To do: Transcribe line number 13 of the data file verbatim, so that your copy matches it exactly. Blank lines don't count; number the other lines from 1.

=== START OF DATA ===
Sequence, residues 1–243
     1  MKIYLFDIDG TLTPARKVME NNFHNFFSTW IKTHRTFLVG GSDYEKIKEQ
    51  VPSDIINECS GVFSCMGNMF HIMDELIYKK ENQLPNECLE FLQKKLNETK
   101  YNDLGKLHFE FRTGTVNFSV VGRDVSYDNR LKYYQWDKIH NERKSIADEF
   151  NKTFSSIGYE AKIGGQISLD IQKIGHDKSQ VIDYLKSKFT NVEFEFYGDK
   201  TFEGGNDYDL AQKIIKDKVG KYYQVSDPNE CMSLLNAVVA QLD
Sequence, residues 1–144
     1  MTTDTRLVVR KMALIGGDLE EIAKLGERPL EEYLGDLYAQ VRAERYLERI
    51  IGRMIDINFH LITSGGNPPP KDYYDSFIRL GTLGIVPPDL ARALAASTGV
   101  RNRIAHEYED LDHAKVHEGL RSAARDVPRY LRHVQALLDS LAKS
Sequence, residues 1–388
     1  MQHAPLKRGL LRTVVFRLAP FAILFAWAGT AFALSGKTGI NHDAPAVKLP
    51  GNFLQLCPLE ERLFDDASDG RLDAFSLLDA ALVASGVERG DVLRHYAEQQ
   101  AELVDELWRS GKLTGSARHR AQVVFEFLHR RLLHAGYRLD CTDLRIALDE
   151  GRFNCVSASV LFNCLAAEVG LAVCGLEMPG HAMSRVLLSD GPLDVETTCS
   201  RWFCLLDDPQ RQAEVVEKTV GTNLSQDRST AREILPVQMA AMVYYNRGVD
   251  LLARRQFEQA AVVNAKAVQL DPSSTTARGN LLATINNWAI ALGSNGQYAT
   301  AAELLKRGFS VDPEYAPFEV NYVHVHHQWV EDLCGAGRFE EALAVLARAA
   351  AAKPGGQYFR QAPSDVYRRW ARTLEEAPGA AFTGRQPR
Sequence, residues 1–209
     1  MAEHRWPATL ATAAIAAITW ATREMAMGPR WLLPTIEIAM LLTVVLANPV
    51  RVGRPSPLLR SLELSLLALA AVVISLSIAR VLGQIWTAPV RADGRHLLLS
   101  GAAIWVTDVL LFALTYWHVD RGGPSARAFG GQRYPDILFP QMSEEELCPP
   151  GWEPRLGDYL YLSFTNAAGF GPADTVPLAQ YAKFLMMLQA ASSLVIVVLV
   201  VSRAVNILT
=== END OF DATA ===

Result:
    51  GNFLQLCPLE ERLFDDASDG RLDAFSLLDA ALVASGVERG DVLRHYAEQQ